4. Remember the Messiah. Two of the seven statements Jesus uttered from the cross are direct quotations from the sorts of psalms I have in mind in this article (see Psalms 22:1 and 31:5), and a third is closely connected with Psalm 69:21. So Jesus was thinking of these sorts of psalms when under the thumb of His enemies! And that means, I would say, that we should be thinking of Him when we read them!* No one ever suffered like Jesus! And He repaired to the psalms in the midst of His suffering! And so when we read the suffering and the cries of the Psalms, let us think of this ultimate Sufferer, and praise God that His cries were heard … and that, in Him, so also will be the cries of His people!


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*Not to say that everything in the rescue psalms has a correlation in Christ’s suffering and cries. But there are correlations – some more general, others more direct  that you will notice if you are looking for them.  So look for them!  Think about how what you are reading in the Psalms compares to the sufferings and/or cries of Christ.  And, if your Bible contains cross-references, use those to help you!  Not every correlation may be listed in the cross-references (so do some comparative thinking on your own, aside from the cross-references).  But some such correlations (especially the more direct ones) may be noted in the cross-references. And so it would be a good exercise, when reading the rescue psalms, to scan down through those cross-references, looking to see if they call attention to any correlations between the psalm and the life of Jesus in Matthew, Mark, Luke, and John. Doing this with Psalm 35, while working on this article, the NASB cross-references informed me, for instance, that Psalm 35:19 is quoted in John 15:25 in reference to the sufferings of Jesus: “They hated me without a cause.”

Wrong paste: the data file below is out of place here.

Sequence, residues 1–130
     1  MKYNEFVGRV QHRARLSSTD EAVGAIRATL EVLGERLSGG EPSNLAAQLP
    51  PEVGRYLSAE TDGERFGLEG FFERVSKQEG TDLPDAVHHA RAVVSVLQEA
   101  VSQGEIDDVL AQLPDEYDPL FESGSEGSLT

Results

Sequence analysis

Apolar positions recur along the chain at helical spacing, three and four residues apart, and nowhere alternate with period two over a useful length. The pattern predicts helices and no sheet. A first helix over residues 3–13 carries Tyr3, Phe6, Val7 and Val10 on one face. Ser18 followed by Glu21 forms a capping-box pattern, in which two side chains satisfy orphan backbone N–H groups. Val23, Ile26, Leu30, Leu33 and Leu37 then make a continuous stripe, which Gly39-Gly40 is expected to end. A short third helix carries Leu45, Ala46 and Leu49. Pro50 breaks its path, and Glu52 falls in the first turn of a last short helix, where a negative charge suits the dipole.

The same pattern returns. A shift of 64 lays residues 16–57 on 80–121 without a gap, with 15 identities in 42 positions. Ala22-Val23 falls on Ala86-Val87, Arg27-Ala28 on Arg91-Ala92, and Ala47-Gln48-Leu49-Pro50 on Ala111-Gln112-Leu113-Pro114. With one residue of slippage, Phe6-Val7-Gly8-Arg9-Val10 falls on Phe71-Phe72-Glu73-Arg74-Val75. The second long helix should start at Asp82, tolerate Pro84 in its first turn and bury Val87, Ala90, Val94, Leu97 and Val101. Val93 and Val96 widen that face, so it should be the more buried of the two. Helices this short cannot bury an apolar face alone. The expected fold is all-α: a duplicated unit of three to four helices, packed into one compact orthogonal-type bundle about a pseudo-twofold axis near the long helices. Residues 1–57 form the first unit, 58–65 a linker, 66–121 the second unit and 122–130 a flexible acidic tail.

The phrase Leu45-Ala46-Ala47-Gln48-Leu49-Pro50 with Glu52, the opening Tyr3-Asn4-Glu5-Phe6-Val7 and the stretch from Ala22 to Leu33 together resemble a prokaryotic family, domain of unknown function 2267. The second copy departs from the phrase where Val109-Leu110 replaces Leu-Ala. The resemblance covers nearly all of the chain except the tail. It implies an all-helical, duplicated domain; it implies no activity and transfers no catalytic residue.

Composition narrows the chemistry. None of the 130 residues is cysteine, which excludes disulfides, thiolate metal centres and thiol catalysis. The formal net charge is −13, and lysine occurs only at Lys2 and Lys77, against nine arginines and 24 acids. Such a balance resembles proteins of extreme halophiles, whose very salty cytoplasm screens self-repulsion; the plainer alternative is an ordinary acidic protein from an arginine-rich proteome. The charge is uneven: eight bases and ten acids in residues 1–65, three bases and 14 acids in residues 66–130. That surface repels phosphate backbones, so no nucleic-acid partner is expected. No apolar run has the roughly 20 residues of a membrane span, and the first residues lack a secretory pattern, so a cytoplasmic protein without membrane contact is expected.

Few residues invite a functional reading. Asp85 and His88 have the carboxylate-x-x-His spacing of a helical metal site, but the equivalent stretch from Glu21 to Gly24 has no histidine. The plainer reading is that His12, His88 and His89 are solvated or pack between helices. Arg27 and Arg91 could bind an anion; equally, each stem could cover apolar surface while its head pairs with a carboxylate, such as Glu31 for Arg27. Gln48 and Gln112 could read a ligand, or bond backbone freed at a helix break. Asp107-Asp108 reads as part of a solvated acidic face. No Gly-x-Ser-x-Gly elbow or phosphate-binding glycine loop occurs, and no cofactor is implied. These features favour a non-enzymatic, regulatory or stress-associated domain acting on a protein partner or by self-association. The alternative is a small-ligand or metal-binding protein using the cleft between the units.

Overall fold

February 3, 2018

The Olympics, the Nations, and the Gospel

The games of the 23rd Winter Olympiad are just a few days away. And the Strassner family loves the winter Olympics! Every four years, we huddle together in front of the television for those 2-plus weeks, delighting in the artistry of phenomenal athletic skill brushed across the brilliant white canvas of winter scenery. I can’t wait!

One of our family traditions is that each of us chooses a different country (in addition to the USA) for which to cheer. And, since we want to actually see the teams and athletes for which we have chosen to cheer, we choose countries that tend to do well in the Winter Games. This year we’ve got Norway, Austria, Germany, Switzerland, Canada, France, Sweden, and the Netherlands – eight of the top ten medal-winning countries from 2014 (the others were Russia and the USA).